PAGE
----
Posts

HMMR Podcast Episode 210: World Cup reflections (with John Pryor and Leigh Egger)

When it comes to field sport training, our go to resource is John Pryor. The Rugby World Cup just came to an end, so it is a good time for us to check in with him and his colleague Leigh Egger about their experiences preparing Fiji Rugby. They also dive into the evolution of their new training app focusing on the foundations of performance: core strength and hip function. Read more

Understanding and training cocontractions in high intensity movement

Across a range of different high-intensity sports like running, sprinting, changing direction, throwing and kicking, the body creates stability by cocontracting or co-activating muscles that surround joints or regions that are under stress. Cocontraction provides stability to some segments or body regions – so that they can be controlled – whilst others move. Read more

July 2019 in review: training speed

No matter the sport, speed matters. Speed is a topic we’ve covered a lot here on HMMR Media, and it is also a topic we will keep coming back to because it is so vital to elite performance. In July we put together a variety of resources on the topic from 10 contributors, including 1 new video lesson, 5 new podcast episodes, and 7 detailed training articles.
Read more

Bosch made simple

Some of the training concepts laid out by Frans Bosch in his book Strength Training and Coordination: An Integrative Approach can be intimidating. Many disregard his ideas without even reading the book. Others read it and get lost in the details of motor learning or anatomy, as I did at first. But when you look at the coaches successfully putting the ideas into practice, it is quite easy to see that it doesn’t have to be complicated. In fact, even Bosch himself takes a very straightforward approach to implementing the ideas. Read more

GAINcast Episode 166: Team sport issues (with Nick Lumley)

There are several hot topics and challenges facing team sports at the moment such as hamstring injuries, how to best measure and use training load, and developing sport specific speed. These are hardly new questions, but they have proved tricky since the currently favored solutions don’t seem to be doing the trick. Edinburgh Rugby’s Nick Lumley spends his offseason visiting clubs around the work to get the pulse of team sports training. He just returned from his latest trip and joined this week’s GAINcast to share his perspective on these issues and where he thinks we should be looking to move forward. Read more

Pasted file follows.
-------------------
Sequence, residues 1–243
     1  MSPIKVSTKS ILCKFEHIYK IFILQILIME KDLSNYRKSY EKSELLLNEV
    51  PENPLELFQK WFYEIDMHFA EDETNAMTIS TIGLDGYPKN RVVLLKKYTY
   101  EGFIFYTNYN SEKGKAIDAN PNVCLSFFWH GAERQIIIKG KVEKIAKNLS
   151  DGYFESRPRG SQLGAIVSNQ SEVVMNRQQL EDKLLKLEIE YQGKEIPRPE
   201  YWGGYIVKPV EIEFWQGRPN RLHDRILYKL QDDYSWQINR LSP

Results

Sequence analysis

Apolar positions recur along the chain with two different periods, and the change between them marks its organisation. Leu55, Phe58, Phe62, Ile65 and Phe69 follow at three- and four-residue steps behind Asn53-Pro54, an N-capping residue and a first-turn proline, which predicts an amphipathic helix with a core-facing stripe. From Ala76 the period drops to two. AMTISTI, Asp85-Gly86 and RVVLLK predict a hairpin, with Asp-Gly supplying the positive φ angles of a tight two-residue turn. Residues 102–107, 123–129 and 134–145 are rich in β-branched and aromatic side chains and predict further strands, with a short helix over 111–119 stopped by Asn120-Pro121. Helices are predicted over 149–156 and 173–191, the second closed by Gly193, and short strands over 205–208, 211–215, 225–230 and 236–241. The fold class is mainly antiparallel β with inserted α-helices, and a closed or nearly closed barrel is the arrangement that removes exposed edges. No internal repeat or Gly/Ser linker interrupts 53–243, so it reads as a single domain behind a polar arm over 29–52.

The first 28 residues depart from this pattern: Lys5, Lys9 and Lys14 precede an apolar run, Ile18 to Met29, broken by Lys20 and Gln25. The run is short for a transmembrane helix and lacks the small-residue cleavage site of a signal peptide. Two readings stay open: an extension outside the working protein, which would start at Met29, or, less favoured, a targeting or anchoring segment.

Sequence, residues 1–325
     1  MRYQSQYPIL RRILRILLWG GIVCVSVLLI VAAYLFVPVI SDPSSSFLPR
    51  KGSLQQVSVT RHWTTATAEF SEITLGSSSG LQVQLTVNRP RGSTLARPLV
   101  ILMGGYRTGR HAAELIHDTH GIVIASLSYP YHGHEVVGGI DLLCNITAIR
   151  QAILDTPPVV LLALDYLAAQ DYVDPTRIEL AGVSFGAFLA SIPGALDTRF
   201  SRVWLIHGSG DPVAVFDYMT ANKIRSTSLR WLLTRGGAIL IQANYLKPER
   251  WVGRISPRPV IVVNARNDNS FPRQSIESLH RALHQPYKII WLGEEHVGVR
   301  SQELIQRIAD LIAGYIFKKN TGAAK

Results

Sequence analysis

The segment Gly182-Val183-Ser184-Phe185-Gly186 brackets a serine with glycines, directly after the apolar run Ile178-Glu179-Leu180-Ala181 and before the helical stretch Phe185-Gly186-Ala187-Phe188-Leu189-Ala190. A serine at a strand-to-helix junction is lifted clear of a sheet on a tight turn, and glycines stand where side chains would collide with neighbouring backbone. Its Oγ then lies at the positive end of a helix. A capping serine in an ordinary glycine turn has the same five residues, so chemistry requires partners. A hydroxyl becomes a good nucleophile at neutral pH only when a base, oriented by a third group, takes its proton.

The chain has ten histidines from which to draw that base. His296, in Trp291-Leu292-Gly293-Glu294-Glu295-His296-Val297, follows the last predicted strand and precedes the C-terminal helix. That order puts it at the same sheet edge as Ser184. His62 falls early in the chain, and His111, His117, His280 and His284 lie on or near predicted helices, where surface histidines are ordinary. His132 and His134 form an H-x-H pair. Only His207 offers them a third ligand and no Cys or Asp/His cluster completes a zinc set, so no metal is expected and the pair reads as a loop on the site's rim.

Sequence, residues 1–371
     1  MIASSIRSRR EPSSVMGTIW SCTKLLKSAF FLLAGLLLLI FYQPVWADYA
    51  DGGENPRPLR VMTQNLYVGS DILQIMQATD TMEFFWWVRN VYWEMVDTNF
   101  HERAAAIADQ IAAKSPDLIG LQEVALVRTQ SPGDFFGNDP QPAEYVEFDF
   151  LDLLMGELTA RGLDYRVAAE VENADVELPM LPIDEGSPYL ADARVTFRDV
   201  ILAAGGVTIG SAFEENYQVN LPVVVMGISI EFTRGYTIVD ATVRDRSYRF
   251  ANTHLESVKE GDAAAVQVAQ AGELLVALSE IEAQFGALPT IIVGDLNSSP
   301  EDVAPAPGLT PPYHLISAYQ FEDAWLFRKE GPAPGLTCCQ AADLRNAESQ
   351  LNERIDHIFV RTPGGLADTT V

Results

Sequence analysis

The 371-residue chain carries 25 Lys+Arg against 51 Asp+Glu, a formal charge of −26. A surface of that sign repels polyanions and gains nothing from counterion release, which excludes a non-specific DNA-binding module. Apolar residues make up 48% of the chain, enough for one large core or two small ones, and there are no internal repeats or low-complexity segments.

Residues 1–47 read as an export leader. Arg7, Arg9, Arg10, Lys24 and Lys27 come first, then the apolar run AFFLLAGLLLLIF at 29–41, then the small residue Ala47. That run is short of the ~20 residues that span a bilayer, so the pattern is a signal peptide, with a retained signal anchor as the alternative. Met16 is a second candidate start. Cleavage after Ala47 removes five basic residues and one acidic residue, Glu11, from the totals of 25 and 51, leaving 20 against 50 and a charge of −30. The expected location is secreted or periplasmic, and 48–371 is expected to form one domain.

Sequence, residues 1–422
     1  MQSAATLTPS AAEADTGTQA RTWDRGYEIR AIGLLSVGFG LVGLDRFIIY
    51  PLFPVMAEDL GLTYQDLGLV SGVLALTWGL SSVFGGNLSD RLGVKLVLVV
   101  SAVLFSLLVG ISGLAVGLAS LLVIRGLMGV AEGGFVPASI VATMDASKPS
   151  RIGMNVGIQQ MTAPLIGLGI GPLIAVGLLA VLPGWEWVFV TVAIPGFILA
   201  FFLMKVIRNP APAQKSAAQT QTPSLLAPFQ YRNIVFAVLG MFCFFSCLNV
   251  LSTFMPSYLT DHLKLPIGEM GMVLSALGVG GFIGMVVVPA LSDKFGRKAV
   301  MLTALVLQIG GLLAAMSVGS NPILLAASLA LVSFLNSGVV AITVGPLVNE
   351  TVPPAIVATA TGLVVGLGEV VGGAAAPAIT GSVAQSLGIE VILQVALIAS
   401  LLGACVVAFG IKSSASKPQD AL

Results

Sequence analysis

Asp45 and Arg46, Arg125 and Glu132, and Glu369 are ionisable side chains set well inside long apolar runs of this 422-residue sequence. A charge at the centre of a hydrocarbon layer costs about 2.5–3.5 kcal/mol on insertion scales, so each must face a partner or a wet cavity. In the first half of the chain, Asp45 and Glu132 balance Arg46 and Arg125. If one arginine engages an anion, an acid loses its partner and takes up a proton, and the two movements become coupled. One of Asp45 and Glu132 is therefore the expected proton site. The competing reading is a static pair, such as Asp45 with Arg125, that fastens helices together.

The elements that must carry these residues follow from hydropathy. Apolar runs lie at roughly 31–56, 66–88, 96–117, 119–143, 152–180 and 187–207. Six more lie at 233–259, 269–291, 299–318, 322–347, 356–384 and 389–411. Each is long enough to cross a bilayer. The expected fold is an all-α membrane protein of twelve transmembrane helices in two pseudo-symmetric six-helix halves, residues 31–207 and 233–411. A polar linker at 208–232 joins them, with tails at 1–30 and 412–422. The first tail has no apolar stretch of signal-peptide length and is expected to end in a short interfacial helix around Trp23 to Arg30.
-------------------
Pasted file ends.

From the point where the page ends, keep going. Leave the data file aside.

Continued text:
The anatomy of a team sports speed session

Team sports require a mix of physical qualities to be trained concurrently due to the performance requirements, but one stands out above the others: speed. Speed is often the difference between elite and sub-elite teams. Speed is not just about that one breakaway play, it underpins all aspects of the game such as the overall tempo of play or the ability to execute skills at high speeds. Therefore, there should be an emphasis on training speed “in” within a structured training period. Read more

Does sprint training “inoculate” athletes against hamstring injuries?

Hamstring strain injury (HSI) has remained a problem for athletes across a range of sports that involve sprinting. In team sports such as soccer, HSI is responsible for more games lost than any other injury. Athletes with a history of HSI, or who are older, are at greater risk of injury. Although these risk factors cannot be controlled, there are other risk factors that can be addressed in the physical preparation of athletes. One risk factor is low hamstring strength, and it is common for strength and conditioning (S&C) coaches to prescribe hamstring strengthening exercises as part of an injury prevention program. The choice of exercises has become a controversial issue with practitioners debating the pros and cons of hip dominant or knee dominant exercises, as well as eccentric exercises (e.g. Nordic) versus isometric exercises. Read more

HMMR Podcast Episode 202: Beyond intensity (with Stuart McMillan)

High intensity training can have a massive training effect, but at a certain point intensity alone is not what drives adaptation. You have to be more creative. Stuart McMillan has confronted this issue first hand in working with post-collegiate sprinters at Altis and joins the podcast this week to discuss how he searches for adaptation and his thoughts on many more topics. Read more

Track speed vs. team speed

As a young coach, one thing I didn’t realize was how variable speed requirements are between different sports. We might think of speed as a single quality trained in a single way, but the reality is that speed manifests itself differently in each sport and therefore needs to be trained differently. As I have gained experience in different sports, my thought process has slowly evolved. Read more

GAINcast Episode 165: Minimalist training (with Tony Holler)

We all know less can be more, but doing less is hard. We all hate to be out worked. Coach Tony Holler came to track and field coaching as an outsider and stumbled upon the benefits of minimalist training. On this week’s GAINcast he joins us to talk about how his training program came about, how it is put together, and additional thoughts on training speed. Read more